The problem here is that this well-known Silver Age story is copied straight from another superhero’s origin story published in 1940 by Quality Comics. Feature Comics was an anthology title which made its debut in 1937 reprinting newspaper funnies. Soon after its inception, Feature Comics began introducing original costumed heroes to it pages, including The Clock, Doll Man, Usa (The Spirit of Old Glory), and Rusty Ryan & the Boyville Brigadiers. In the November 1940 issue another new superhero character took a bow: Ace Egan, who becomes known as “The Ace of Space”. The source of his powers seems oddly familiar

Feature Comics #38,  November 1940

Feature Comics #38,  November 1940

In DC Comics’ defense, they did acquire the rights to Quality’s lineup of characters in late 1956, more than two years prior to the introduction of the Silver Age Green Lantern. Whether or not they also acquired the rights to the stories in which those characters had previously appeared is a bit murky, although it seems unlikely since all of the comics Quality published are now in public domain. We don’t know for sure that the Green Lantern origin story was copied from The Ace of Space’s first appearance, but if it wasn’t a swipe it was one heck of a coincidence. The two origins are for all intents and purposes identical.

So why didn’t DC Comics just reintroduce The Ace of Space? It’s probable that there were two reasons. For starters, DC had successfully updated The Flash in 1956 from the Golden Age Jay Garrick to the new Silver Age incarnation of Barry Allen, and likely wanted to simply repeat the formula by revising the original Alan Scott character into a new, more contemporary version. The second reason was that The Ace of Space had a fatal flaw: the character was a dud right from the start.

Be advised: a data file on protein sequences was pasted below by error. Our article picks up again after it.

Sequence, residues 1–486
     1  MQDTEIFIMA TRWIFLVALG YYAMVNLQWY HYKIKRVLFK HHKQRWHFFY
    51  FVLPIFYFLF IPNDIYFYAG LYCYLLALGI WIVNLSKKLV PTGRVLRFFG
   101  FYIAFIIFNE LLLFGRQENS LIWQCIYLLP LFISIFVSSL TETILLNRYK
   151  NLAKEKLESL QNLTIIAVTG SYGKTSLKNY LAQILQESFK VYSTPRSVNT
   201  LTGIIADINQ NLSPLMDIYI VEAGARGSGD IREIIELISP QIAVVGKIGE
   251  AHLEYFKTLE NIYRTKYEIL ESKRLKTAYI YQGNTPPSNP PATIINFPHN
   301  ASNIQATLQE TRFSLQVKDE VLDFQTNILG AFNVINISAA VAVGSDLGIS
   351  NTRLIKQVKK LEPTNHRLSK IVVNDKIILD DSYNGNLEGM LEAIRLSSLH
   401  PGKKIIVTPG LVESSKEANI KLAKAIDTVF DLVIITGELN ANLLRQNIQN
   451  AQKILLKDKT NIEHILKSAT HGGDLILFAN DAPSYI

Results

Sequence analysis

The Ace of Space appeared in four issues of Feature Comics (#38 through #41) and was uniformly dull throughout. What should have been an exciting new concept in comic book heroes was hampered by poor writing and plotting. Ace Egan is the stereotypical rich “playboy” comic character (although all he really does is sit around his estate and go to the “gentlemen’s club” to sit around with other boring rich guys); although that gives the writer a lot of freedom, it’s hard for the reader to identify with Egan. He adopts a mask, despite the fact that the belt makes him nine feet tall the moment he puts it on and returns to normal size when he removes it; when you’re a giant, who’s really going to notice your face? Worst of all, his powers aren’t well defined in the origin story, and he ultimately suffers from the same “suddenly discovered power” syndrome which kills Captain Future’s stories; in the thick of the fight, Ace frequently discovers he possesses a new power which is just the right one to save his bacon: “Oh, look! I’m telepathic! Oh, look! I have super strength! Oh, look! My ship can become invisible!” It’s hard to stay interested in a character who can do practically anything, especially when he constantly discovers new abilities in this deus ex machina manner.

The Ace of Space never caught on with readers, and he was never revived by DC Comics as were other Quality characters like Blackhawk and Doll Man. Ace’s sole legacy is his origin story, and only because it was appropriated for a more successful character near the start of comics’ Silver Age.

Have fun! — Steve

Copyright 2015, Steven A. Lopez. All rights reserved.